Morale among his small group of frontline protesters sank to its lowest, he said, and he stopped going to protests.

Since Hong Kong reported its first two cases of coronavirus infection on January 22, many planned gatherings and marches were called off and there have been only a few spontaneous protests and acts of vandalism.

On January 31, Alan returned to the street, and was at the Prince Edward MTR station to mark five months since police officers stormed the station, sparking rumours that three protesters died – an allegation the force and government have strenuously denied.

The crowd was smaller than at past protests but he was struck by the fact that everyone present – demonstrators as well as residents and bystanders – was wearing a surgical mask.

“Previously, we risked arrest for wearing a mask,” he said, referring to last October’s ban on the use of face coverings at protests. “Now, how ridiculous it is that police fear us if we don’t wear a mask and cough at them.”

He never felt safer from the risk of arrest, he said.

‘They will be back’

The question is what happens after the ongoing health crisis ends – will street protests be a thing of the past, or will new forms of anti-government resistance proliferate?

A joint study by scholars from three universities has found that the solidarity between protest radicals remains strong enough to keep the movement going, at least for the foreseeable future.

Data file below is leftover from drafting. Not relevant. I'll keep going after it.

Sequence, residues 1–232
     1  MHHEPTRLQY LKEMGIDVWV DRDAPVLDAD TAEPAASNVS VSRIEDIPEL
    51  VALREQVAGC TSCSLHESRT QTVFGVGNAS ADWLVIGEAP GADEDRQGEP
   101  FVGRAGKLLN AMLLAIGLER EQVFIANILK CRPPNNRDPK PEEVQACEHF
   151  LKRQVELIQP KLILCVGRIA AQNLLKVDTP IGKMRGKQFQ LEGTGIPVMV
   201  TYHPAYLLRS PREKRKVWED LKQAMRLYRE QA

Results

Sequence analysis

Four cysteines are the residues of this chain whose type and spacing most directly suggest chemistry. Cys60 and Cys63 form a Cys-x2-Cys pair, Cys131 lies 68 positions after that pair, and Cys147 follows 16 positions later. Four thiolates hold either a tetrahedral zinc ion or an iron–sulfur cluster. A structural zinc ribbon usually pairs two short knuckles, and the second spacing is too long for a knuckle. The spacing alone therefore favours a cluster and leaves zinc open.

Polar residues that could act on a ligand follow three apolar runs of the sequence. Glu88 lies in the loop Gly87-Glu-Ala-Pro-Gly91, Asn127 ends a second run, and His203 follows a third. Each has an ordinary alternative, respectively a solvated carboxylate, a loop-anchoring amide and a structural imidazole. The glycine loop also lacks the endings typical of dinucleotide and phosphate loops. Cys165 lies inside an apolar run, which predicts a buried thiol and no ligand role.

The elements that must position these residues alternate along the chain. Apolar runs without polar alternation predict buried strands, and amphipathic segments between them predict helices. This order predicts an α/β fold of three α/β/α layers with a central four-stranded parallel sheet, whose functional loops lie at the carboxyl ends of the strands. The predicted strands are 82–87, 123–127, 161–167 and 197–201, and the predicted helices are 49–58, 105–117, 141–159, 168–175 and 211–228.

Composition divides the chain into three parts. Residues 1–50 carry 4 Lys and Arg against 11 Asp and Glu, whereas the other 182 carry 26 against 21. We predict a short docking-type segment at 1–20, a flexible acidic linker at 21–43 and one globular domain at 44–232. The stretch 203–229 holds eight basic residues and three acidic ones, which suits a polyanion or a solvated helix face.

The study was done by City University public policy associate professor Edmund Cheng Wai, Lingnan University political scientist Samson Yuen Wai-hei, and Chinese University journalism and communications professor Francis Lee Lap-fung.

Cheng said that since early November, the number of posts on LIHKG Forum, a Reddit-like platform protesters used to discuss plans and pro-democracy events, fell significantly compared with June last year. Big data analysts had earlier also reported a sharp decline in protest-related online activities over the past two months.

He said protesters now tended to coordinate among themselves through private channels and chat groups, such as the encrypted messaging application Telegram and Firechat, which ensure confidentiality.

The study also showed that unlike 2014’s Occupy movement, which ended with deep divisions between protesters, a large number of peaceful demonstrators remained firmly behind the radicals in the current protests.

The scholars’ analysis of 18,000 questionnaires collected at protest sites from June to early January showed a high level of solidarity among protesters, with respondents strongly agreeing that “the peaceful faction and militant faction are in the same boat” and that “it is understandable for protesters to take radical action when the government acts in disregard of people’s opinions”.